Multivariate Classification of the Infrared Spectra of Cell and Tissue Samples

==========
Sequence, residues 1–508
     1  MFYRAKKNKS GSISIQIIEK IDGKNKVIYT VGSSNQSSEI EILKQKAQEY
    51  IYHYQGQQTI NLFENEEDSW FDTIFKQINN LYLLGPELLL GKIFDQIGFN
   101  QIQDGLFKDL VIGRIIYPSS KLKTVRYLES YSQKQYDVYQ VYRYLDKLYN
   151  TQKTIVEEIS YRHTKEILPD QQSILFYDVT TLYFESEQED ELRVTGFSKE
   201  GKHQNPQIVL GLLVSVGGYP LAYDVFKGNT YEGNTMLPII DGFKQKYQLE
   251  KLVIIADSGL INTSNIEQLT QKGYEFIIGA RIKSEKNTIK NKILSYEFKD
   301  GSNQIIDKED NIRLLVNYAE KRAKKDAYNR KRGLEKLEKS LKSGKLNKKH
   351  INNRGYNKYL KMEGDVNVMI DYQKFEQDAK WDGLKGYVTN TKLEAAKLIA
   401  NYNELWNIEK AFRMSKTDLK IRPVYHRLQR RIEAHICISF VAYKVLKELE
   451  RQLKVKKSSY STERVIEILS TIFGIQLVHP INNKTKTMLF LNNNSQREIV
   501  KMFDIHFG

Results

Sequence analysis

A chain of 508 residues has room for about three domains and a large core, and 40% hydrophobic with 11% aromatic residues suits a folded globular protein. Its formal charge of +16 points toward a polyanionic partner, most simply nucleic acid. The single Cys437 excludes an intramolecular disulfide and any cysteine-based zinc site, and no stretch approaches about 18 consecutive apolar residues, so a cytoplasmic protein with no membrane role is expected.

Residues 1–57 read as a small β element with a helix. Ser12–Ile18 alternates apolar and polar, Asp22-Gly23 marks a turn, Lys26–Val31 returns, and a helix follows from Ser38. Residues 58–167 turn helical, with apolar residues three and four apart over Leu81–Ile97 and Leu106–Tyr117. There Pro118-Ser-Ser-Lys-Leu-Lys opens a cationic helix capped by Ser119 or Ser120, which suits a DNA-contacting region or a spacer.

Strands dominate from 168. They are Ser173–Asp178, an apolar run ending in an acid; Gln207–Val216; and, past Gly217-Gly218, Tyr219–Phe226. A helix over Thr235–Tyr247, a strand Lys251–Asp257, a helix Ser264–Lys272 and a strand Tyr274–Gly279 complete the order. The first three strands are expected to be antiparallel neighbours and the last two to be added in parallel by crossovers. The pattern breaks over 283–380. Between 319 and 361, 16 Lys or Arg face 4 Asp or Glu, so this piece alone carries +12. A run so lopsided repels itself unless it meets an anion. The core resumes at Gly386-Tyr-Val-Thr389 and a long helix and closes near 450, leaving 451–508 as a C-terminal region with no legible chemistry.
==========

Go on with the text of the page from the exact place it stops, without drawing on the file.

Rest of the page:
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Infrared microspectroscopy of biopsied canine lymph cells and tissue was performed to investigate the possibility of using IR spectra coupled with multivariate classification methods to classify the samples as normal, hyperplastic, or neoplastic (malignant). IR spectra were obtained in transmission mode through BaF2 windows and in reflection mode from samples prepared on gold-coated microscope slides. Cytology and histopathology samples were prepared by a variety of methods to identify the optimal methods of sample preparation. Cytospinning procedures that yielded a monolayer of cells on the BaF2 windows produced a limited set of IR transmission spectra. These transmission spectra were converted to absorbance and formed the basis for a classification rule that yielded 100% correct classification in a cross-validated context. Classifications of normal, hyperplastic, and neoplastic cell sample spectra were achieved by using both partial least-squares (PLS) and principal component regression (PCR) classification methods. Linear discriminant analysis applied to principal components obtained from the spectral data yielded a small number of misclassifications. PLS weight loading vectors yield valuable qualitative insight into the molecular changes that are responsible for the success of the infrared classification. These successful classification results show promise for assisting pathologists in the diagnosis of cell types and offer future potential for in vivo IR detection of some types of cancer.
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